Disruptive technologies have kept the Department of Defense on its toes for decades, and now as additive manufacturing—otherwise known as 3-D printing—matures, SAIC has adopted the technology to offer new, smarter solutions.
Using 3-D printing, SAIC can develop prototypes rapidly and iterate through several design evolutions within a week, rather than the several months it takes with traditional manufacturing. For customers, 3-D printing reduces cost and shortens project timelines while allowing quick prototype enhancements to reduce size, weight, and power (SWAP) of components.
"3-D printing is here, it's disruptive, and it's going to change everything that we do from engineering to production. It allows us to provide our customers, especially the U.S. Army, with game changing solutions faster," said Matt Peterson, SAIC solutions architect. "For the Army, we are using 3-D printing for their platform integration needs to help reduce cost and development timelines while increasing performance."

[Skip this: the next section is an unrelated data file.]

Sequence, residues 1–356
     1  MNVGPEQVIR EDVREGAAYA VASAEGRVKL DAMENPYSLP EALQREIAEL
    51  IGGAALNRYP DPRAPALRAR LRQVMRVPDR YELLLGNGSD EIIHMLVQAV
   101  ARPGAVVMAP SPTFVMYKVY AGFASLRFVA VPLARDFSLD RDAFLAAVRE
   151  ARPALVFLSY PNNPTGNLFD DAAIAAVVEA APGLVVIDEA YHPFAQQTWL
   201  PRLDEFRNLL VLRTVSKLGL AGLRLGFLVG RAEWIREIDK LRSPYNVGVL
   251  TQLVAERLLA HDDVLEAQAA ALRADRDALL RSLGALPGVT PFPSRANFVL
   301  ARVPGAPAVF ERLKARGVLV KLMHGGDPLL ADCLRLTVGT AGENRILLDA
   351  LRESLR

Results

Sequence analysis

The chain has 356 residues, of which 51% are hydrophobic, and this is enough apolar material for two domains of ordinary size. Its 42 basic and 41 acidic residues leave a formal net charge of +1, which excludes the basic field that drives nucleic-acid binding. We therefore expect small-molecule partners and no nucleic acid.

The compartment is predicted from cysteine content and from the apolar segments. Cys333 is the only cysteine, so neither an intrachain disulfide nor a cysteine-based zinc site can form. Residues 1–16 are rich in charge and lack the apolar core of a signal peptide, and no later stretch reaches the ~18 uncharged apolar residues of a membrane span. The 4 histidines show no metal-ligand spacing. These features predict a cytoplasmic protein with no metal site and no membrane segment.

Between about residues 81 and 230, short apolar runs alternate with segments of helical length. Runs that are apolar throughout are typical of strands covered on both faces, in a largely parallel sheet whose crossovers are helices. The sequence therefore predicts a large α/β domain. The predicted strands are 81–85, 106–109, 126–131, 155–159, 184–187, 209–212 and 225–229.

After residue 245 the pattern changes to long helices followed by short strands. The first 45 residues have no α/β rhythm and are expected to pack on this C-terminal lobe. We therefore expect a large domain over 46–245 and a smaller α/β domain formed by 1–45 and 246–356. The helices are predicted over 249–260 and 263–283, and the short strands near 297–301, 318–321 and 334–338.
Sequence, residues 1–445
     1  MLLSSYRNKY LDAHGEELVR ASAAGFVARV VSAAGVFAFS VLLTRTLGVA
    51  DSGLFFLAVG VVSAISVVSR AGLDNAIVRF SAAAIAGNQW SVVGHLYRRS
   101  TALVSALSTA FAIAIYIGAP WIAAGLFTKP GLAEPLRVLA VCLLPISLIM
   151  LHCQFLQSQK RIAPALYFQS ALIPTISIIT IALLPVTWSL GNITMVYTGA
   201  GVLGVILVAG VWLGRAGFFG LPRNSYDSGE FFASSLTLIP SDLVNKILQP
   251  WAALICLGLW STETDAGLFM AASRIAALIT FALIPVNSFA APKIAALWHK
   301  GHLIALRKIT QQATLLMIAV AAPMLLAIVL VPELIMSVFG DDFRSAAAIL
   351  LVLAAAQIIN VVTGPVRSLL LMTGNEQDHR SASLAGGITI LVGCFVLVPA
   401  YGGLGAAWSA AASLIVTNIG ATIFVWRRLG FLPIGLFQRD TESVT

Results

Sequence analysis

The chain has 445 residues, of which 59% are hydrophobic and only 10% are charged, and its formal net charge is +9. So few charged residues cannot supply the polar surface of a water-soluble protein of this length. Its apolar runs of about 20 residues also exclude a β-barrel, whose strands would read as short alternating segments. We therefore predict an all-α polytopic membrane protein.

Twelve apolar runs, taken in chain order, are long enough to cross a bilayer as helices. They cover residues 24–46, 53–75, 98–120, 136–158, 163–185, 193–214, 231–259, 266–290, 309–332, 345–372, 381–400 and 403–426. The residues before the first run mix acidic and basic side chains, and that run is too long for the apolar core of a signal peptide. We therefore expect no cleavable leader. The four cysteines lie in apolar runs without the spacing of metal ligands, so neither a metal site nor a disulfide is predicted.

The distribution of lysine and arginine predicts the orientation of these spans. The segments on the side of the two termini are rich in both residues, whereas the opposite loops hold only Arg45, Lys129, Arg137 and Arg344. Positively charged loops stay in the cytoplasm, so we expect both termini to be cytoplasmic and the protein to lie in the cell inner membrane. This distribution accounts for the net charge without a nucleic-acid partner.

A large enterprise printer located in SAIC's Charleston, South Carolina, facility, 3-D prints prototype components faster and cheaper.
SAIC's large scale enterprise printer can now manufacture many of the hardware pieces that it integrates for customers, quickly and accurately. 3-D printing presents many new design options, including the ability to customize material, combine parts, and utilize all new part geometries. For the Army, SAIC is using rapid prototyping to upgrade vehicles and platforms, such as tactical vehicle C4ISR integrations.
SAIC's 3-D printing lab in Charleston, South Carolina, prints plastics. Partnering with companies across the country and with Virginia Tech can meet customers’ needs outside of the lab's abilities, like printing metal.
"Every time you print something, you can make it better after you hold it, use it, or play with it. When the object shifts from digital to reality, it becomes obvious what tweaks you need to make," said Peterson. "It's not just the prototyping element in every project that we do anymore, there are increasingly opportunities to use this technology for production."
This model of a U.S. Marine Corps assault amphibious vehicle (AAV) was 3-D printed for the customer by SAIC.